Since its foundation in April, 1950, the Herder-Institute has been one of Germany's principal centres for the historical research on East Central Europe. Sponsored by the state and all sixteen federal Länder, this non-university institution (member of the Leibniz Association) operates as a centre for research and academic services by
providing, with its collections, a supra-regional infrastructure not available elsewhere
preparing basic aids and tools for research
functioning as a forum of international academic discourse
offering user-oriented information and research services
conducting its own research
Its field of research comprises the history of the countries and nations of East Central Europe within the borders of the present-day states of Poland, the Czech Republic, Slovakia, Estonia, Latvia and Lithuania. Its focus is on the cultural, ethnic and political relationships and processes of exchange which have shaped East Central Europe in a particular way from the early medieval into modern times. An important task is the comparative study of East Central European history and its integration into European history as a whole.
The Institute's activities are based on its collections. They comprise a library on the history and culture of East Central Europe with currently approximately 390,000 volumes, a collection of newspapers in which daily and weekly newspapers from East Central Europe have been archived and analysed in a systematic collection of press clippings since 1952, a picture archive with all kinds of visual materials, especially on the topography as well as the art and cultural history of East Central Europe (currently about 550,000 items), a map collection with approximately 35,000 map sheets, about 1,300 old maps and 6,300 vertical aerial photographs from the years 1942-1945, finally a collection of documents consisting of family archives, estates, individual archival items and microfilmed material from the archives of Riga, Reval/Tallinn and Dorpat/Tartu.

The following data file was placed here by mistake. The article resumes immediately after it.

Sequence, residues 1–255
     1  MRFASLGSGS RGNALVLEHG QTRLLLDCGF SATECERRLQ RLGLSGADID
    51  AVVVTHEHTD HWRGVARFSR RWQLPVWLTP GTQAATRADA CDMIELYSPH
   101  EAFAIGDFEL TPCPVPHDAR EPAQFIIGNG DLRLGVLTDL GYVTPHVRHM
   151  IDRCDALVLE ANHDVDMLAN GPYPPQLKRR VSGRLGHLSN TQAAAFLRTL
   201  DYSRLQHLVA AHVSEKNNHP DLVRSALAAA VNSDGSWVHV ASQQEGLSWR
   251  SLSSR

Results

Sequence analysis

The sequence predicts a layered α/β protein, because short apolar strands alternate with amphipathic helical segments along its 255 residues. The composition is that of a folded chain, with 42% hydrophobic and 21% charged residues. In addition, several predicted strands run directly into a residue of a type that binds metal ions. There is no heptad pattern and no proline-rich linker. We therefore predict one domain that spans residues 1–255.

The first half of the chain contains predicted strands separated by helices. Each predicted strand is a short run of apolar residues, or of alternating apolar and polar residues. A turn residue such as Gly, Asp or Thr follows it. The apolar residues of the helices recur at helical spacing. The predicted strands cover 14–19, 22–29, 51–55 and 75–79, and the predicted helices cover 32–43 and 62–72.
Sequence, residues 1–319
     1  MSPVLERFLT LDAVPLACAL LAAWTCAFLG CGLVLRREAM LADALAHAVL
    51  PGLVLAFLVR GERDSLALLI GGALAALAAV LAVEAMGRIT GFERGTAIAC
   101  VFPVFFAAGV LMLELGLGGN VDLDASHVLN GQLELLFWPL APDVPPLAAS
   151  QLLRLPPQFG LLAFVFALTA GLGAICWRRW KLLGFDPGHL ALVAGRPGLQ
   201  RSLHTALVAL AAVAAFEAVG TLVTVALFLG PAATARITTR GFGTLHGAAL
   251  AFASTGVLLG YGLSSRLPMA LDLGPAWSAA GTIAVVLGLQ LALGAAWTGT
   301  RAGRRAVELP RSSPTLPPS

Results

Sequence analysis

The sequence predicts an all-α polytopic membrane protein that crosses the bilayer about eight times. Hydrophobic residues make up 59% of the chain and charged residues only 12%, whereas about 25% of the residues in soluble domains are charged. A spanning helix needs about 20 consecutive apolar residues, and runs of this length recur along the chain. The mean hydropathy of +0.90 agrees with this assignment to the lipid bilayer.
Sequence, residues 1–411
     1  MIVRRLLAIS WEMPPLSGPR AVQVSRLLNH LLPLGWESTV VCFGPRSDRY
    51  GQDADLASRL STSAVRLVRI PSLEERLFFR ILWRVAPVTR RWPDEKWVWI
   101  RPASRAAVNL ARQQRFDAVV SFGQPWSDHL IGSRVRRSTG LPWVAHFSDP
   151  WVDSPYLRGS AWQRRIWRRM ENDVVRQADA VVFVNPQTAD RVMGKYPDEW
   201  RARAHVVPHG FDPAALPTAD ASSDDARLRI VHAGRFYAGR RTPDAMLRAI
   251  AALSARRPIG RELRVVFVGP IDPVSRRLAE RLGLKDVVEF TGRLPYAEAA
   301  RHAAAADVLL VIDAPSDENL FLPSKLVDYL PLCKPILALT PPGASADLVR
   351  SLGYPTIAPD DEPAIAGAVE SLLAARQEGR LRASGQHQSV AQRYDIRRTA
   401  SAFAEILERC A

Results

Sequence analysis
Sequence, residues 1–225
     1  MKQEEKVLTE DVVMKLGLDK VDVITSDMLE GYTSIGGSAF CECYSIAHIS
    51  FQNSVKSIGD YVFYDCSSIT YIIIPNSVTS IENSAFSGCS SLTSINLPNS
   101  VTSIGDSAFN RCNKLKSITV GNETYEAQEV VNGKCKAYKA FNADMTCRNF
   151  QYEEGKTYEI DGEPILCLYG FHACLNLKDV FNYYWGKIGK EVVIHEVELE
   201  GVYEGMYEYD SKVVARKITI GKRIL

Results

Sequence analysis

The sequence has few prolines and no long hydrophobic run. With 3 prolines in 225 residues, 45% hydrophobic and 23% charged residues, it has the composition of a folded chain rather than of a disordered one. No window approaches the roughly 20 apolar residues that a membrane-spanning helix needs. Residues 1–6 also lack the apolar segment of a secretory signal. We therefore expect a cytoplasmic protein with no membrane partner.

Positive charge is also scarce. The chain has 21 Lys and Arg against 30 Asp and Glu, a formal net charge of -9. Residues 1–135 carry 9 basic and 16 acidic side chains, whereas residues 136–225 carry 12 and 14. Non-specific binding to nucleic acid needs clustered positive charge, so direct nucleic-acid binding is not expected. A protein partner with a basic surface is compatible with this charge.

The edition of written primary sources or groups of sources is a traditional task of non-university historical research. The Herder-Institut, too, regards it as one of its major tasks to inspire, support and realize mid- to long-term editing projects. Editing projects are based on the Institute’s own collections and/or external material, and carried out with cooperation partners at home and abroad. Special attention is paid to testing new electronic editing forms and techniques.
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